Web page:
One of the surprising parallels to these figures are the figures for those SMBs that are using cloud technologies for work, particularly given the widely accepted view that cloud computing makes remote working easier. However, the research showed that 36 percent of SMBs say that they manually collect and store content on their hard drives.
It also seems that the concept of a paperless office is still only a pipedream for many as 26 percent are still using filing cabinets and folders to collect, store and share content and information.
Only a quarter are using online storage services along with either email (14 percent), or a combination of email and online collaboration tools (12 percent), for enterprise collaboration. In light of this it is somewhat surprising to see that only 12 percent of SMB owners say they do not have a good solution for collecting storing and sharing content.
Given the above figures, it is probable that many more don’t have efficient collaboration or storage tools and don’t realize that this is the case, which makes the problem even worse.
The bottom line here is that only 30 percent of SMBs are using cloud computing while 60 percent don't. Strange as it may sound, another 10 percent don’t know even what cloud computing is. In terms of applications used, the research showed that SMBs are using:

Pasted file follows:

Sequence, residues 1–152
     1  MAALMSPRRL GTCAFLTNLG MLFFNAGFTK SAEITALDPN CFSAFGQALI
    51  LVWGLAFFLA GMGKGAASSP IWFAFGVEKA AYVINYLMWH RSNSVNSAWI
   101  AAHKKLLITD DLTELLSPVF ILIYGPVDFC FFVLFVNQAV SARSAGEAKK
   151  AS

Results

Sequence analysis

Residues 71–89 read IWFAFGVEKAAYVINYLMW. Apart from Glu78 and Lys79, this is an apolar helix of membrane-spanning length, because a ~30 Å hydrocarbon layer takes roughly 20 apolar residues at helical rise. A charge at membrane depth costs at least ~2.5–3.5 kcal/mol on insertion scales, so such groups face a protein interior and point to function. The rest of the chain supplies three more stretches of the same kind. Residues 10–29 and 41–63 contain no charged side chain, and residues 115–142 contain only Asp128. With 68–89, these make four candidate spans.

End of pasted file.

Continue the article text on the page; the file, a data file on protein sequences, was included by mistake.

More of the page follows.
- Email (84 percent)
- Texting (53 percent).
- Calendaring (29 percent)
- Online storage (27 percent)
- File sharing (24 percent)
- Website development tools (21 percent)
Nearly two in five small business owners (37 percent) also report they use technologies not intended for business, including home computing and personal cell phones, as well as home or student edition software packages.
The figures are particularly striking in light of the fact that 70 percent of those surveyed said that they are able to react more intelligently and quickly to their customers using technology, with 38 percent saying technology helps them compete with other SMBs or even large companies.
So what's the problem? Why the delay is using easily accessible technologies? If, as 60 percent believe, it increases revenues, what are the obstacles?
The biggest hurdle was the perceived cost of maintaining and upgrading technology (35 percent), particularly among businesses that use outside vendors to manage tech support (48 percent). Some noted the challenges posed by security issues (22 percent) and mobility (16 percent). Other problems include:
- Breaks in service (13 percent)
- Server/ infrastructure management (9 percent)
- Lack of dedicated IT resources (8 percent)
- Version control (7 percent) are challenges faced by their business.
These are only some of the findings of this poll that appears to show that many of the assumptions about the use of new technologies are not founded in real-life situations.
It should also be pointed out that this poll was carried out in the US, which has an IT infrastructure considerably developed than anywhere else, including Europe and the developing world.
If the poll shows that there is a significant opportunity for vendors that can convince US SMBs to change their habits, then there is double that opportunity in Europe and further a field.